The constant change of hormone levels during perimenopause can effect a woman's emotions. Some women have mood swings, memory lapses and poor concentration. Some may feel irritable or are depressed.
Heart disease kills more women than any other cause of death. After menopause, a woman's risk of heart disease and stroke increases. Women who have not reached menopause have a far lower risk of cardiovascular disease than men. The estrogen produced by women's ovaries before menopause protects them from heart attacks and stroke. When less estrogen is made after menopause, women lose much of this protection. The risk of heart attack and stroke then increases.
Once made, bone is always changing. Old bone is removed in a process called resorption, and new bone is formed in a process called formation. From childhood until age 30 years, bone is formed faster than it is broken down. After age 30 years, the process begins to reverse: bone is broken down faster than it is made. However, bone loss that happens too fast can result in osteoporosis. Osteoporosis causes bones to become too thin and weak.
To prevent osteoporosis, you should focus on building and keeping as much bone as you can before menopause. You can do that by getting plenty of calcium and exercise.
Perimenopausal women may have to deal with sleep problems. Night sweats may disrupt your rest. You may have insomnia (trouble falling asleep), or you may be awake long before your usual time.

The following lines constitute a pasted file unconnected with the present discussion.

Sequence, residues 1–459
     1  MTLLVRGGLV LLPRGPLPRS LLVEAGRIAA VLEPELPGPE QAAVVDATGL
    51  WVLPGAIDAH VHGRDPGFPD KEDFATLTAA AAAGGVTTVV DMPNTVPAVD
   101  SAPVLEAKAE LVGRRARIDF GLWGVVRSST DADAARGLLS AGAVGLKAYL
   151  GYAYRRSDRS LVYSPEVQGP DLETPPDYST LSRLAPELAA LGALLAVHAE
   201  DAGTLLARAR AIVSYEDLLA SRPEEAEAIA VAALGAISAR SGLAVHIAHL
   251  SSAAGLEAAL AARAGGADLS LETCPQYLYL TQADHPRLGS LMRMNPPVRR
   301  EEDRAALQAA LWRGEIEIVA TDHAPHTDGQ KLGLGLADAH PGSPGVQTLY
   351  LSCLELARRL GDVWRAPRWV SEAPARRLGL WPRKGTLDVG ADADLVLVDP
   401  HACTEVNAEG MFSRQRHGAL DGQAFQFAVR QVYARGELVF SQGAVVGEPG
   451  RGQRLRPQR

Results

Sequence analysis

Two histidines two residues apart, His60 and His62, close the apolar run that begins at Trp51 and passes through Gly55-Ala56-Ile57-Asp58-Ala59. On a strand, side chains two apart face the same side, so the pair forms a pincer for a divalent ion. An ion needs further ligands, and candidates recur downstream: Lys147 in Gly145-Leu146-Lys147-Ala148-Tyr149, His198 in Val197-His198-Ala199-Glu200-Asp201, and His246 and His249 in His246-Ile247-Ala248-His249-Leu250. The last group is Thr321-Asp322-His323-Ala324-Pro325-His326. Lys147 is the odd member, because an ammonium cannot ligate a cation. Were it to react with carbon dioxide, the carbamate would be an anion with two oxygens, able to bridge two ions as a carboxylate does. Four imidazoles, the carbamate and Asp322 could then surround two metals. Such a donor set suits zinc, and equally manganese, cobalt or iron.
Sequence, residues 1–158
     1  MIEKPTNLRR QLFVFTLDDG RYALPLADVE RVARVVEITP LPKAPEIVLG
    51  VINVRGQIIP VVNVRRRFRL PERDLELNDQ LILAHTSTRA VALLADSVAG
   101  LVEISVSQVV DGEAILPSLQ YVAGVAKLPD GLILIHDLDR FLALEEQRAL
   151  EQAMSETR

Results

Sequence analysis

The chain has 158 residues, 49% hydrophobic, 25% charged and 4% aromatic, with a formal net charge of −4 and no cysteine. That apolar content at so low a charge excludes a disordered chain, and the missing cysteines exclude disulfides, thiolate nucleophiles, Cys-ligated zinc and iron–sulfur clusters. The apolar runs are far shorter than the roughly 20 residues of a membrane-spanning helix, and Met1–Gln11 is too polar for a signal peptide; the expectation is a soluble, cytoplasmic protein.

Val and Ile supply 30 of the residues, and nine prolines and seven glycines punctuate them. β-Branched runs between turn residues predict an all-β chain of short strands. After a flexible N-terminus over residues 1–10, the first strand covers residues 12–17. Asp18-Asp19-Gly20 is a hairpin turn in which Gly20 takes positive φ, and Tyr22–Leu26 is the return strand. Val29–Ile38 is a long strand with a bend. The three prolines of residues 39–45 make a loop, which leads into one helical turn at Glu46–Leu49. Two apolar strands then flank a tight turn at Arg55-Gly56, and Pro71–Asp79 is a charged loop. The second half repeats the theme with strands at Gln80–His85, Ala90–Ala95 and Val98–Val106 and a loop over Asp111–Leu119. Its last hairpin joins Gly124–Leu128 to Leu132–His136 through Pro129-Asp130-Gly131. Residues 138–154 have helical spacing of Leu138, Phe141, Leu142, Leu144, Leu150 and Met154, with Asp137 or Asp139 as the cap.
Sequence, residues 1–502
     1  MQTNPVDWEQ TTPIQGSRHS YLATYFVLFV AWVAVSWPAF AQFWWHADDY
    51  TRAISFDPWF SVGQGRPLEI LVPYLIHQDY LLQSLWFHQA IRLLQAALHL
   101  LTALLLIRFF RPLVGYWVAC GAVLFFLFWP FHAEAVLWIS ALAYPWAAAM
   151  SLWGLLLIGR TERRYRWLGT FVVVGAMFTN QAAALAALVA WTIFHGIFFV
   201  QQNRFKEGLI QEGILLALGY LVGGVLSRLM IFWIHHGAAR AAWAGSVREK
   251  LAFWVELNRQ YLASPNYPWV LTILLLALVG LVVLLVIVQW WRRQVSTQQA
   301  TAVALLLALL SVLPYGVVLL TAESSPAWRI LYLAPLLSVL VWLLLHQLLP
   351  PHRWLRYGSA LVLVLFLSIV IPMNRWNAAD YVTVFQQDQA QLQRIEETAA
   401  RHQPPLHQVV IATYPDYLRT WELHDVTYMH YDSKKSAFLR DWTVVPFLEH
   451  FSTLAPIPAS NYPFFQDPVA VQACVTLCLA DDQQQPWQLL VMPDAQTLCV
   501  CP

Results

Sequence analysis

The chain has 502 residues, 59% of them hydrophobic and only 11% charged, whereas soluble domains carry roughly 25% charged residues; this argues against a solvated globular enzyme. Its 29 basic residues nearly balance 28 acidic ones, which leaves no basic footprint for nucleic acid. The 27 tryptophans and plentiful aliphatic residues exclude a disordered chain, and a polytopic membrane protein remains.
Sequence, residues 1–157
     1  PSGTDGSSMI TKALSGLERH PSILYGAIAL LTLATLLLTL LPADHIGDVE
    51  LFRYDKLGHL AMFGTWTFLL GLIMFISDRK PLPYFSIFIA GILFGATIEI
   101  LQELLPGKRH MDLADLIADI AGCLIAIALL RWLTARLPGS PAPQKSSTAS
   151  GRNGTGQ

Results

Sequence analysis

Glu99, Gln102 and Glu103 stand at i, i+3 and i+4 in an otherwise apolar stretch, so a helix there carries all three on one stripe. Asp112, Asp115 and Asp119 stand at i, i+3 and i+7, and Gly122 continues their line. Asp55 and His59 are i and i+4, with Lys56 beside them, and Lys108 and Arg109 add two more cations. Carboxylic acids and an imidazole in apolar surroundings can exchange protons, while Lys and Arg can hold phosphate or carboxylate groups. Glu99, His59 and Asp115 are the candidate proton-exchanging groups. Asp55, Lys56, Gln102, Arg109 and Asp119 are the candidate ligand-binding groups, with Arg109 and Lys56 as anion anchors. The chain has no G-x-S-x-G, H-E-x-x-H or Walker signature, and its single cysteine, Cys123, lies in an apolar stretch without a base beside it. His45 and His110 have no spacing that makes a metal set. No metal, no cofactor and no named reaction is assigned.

As you approach menopause, you may start having hot flushes (also known as hot flashes). About 75 percent to 85 percent of perimenopausal women get them. These flushes are the most common symptom of perimenopause.
A hot flush is a sudden feeling of heat that rushes to the upper body and face. The skin may redden like a blush. You may break out in a sweat. A hot flush may last from a few seconds to several minutes or longer.
Hot flushes can happen anytime - day or night. Those occurring during sleep, called night sweats, may wake you up and leave you tired and sluggish the next day. Even though hot flushes are a nuisance, are sometimes embarrassing, and may interfere with daily life, they are not harmful.